Omakase is a Japanese tradition in which you let your chef choose your order. While it may sound like an ancient tradition, omakase is a fairly recent concept, said to originate at sushi restaurants where the term was popularized in the 1990s.
Prior to the 1990s, sushi restaurants were quite pricey and out of the budget of most people. Gourmands who really knew and appreciated the ins and outs of fish enjoyed the artisanship of sushi, and they would eat sushi without drinking much alcohol out of respect for the skill of sushi chefs.
The sudden wealth of many lower-income Japanese due to Japan’s bubble economy brought many newcomers to sushi shops which were once reserved for wealthier clients. These new customers along with their newly found wealth, were unfamiliar with the culture around sushi, but would nevertheless dine at high-end sushi restaurants. What was once inaccessible to them, was now easily available, and while most may not have known much about fish, they knew the food was exquisite and wanted to try different kinds of food and liquor.
As a result, the sushi culture completely changed in response to the new consumer demographic, and many popular Japanese side dishes and sake were added to the menu of many sushi restaurants. Consumers were happy to see familiar menu items at sushi restaurants, but they mainly went to sushi restaurants to try sushi. As they didn’t know much about fish, restaurants saw there was a need for a way where these new customers could order and save themselves the embarrassment of not knowing the names of different fish. To help these customers save face, “omakase” was born, and this allowed people to place an order and leave it to the chef.
Today, omakase is a traditional Japanese dining experience in which the chef prepares a meal tailored to your preferences. It’s considered to be a very intimate experience, and best thought of as a verbal and non-verbal dialogue between the customer and chef. The food prepared is based on price, availability, taste, and seasonality. If this concept is hard to grasp, a comparable concept in Western cuisine would be a tasting menu, where a collection of several dishes is served in small portions as part of a single meal.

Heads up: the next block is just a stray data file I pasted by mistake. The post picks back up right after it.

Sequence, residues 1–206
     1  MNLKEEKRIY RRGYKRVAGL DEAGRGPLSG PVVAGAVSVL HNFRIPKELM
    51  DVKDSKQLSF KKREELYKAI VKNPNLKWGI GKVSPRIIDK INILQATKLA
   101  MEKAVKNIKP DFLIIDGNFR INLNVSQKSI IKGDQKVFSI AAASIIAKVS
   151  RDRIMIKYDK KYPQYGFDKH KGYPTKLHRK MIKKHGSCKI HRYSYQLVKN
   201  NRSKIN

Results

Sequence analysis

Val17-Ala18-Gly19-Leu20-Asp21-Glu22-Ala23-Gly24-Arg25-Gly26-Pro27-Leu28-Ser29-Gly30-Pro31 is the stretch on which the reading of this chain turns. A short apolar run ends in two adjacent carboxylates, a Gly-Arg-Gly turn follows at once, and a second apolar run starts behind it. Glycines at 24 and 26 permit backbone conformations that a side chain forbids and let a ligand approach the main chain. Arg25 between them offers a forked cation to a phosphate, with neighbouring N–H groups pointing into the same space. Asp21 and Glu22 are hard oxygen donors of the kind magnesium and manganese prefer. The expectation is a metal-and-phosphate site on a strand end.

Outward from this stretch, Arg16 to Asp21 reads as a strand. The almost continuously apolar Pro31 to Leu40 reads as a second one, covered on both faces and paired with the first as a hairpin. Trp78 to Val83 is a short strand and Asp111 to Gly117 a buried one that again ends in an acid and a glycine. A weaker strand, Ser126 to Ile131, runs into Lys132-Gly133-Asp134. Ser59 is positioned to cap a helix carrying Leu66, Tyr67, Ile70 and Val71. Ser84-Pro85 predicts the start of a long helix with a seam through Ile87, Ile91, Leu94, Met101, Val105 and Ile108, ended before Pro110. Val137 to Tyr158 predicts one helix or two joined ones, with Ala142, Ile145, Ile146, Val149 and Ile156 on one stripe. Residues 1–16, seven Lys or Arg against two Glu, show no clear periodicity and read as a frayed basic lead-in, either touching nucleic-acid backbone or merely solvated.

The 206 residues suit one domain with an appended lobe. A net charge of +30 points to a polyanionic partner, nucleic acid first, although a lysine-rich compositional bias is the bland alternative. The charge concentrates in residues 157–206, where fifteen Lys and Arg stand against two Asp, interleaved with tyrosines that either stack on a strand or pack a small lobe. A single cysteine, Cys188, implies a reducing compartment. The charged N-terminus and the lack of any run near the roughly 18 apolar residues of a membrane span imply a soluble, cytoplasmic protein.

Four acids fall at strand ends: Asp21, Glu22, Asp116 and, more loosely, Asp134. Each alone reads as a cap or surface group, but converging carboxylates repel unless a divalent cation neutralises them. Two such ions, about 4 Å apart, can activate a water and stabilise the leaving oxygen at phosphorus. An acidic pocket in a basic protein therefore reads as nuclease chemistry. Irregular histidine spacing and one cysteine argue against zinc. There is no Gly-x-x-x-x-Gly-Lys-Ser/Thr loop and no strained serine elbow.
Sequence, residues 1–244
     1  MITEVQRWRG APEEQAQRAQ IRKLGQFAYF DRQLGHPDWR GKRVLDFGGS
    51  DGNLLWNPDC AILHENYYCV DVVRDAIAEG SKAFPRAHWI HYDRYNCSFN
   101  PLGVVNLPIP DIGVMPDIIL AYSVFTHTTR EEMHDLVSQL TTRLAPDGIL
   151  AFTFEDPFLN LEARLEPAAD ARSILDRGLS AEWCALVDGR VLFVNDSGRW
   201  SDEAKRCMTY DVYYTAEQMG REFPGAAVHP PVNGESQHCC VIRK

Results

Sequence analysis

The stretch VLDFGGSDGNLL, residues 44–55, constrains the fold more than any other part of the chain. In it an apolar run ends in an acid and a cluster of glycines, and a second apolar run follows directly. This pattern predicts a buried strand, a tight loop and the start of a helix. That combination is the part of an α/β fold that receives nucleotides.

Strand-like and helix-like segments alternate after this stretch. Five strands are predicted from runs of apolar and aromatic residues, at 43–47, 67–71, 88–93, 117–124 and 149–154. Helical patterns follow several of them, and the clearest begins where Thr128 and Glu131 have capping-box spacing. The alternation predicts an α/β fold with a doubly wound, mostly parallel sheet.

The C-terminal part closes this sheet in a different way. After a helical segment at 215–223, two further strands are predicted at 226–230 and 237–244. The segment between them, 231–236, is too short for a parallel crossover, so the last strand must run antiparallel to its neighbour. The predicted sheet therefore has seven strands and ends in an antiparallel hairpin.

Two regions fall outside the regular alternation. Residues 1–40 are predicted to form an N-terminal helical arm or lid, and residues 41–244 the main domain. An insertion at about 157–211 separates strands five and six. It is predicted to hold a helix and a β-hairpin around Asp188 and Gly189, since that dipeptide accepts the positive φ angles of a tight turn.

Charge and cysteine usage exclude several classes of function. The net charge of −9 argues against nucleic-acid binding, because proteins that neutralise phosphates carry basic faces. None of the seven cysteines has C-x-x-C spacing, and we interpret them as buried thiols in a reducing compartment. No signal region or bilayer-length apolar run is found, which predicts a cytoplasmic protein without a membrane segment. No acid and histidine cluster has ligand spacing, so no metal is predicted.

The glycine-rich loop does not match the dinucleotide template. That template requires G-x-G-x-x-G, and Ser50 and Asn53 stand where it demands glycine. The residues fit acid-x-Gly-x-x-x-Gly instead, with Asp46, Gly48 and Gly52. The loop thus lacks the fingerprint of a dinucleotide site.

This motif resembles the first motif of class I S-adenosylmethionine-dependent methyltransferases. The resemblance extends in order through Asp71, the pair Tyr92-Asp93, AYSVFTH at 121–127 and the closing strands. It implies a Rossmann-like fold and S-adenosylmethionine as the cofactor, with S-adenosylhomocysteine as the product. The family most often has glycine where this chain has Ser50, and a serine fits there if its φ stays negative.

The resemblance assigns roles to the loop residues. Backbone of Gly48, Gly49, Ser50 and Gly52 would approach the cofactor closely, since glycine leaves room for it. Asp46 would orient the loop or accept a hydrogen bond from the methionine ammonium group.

The word omakase is short for “omakase shimasu”, which translated to “I trust you”. Omakase requires a customer who is open to trying new experiences and feels comfortable with the chef. They must be vocal about what they like and don’t like, or what they can and cannot eat.
When omakase is mentioned, it most often refers to sushi, however non-sushi items such as tempura, tofu, salad, and soups can also be part of the omakase experience.
What to expect in Omakase
At omakase restaurants, you’ll typically be sat at a sushi counter, directly facing a chef. Depending on the chef, you may be having a full conversation, or it may be quiet. Meanwhile, the chef will be preparing their workspace and start to prepare your appetizer. During this whole experience, you’ll notice the sushi chef never appears idle, and is always working with their hands on something. They focus on their task and are never distracted by conversations going on around them, even if they’re directly engaged in those conversations.
Folded napkins to place on your lap are uncommon at omakase restaurants, but there will be a warm towel for you to wipe your hands. While you may be used to chopsticks when eating sushi, in omakase, you eat the sushi directly with your hands. It’s not a requirement to use your hands, so if you’re more comfortable using chopsticks, then feel free to use them. Omakase is not so much about traditions and rules, but about having more intimate dining experience.
If you have allergies and dislikes, you should bring it up with the chef as soon as possible.
To start, the chef will typically serve an introductory dish before getting into the sushi. In Western restaurants, miso soup is usually served prior to the sushi, however in Japanese culture it’s supposed to be served at the end of the meal. The introductory appetizer dish will be something like, such as tofu or a salad.
That’s it for Part 1 in ‘What is Omakase’. In Part 2, we’ll continue discussing what the rest of the omakase experience is like.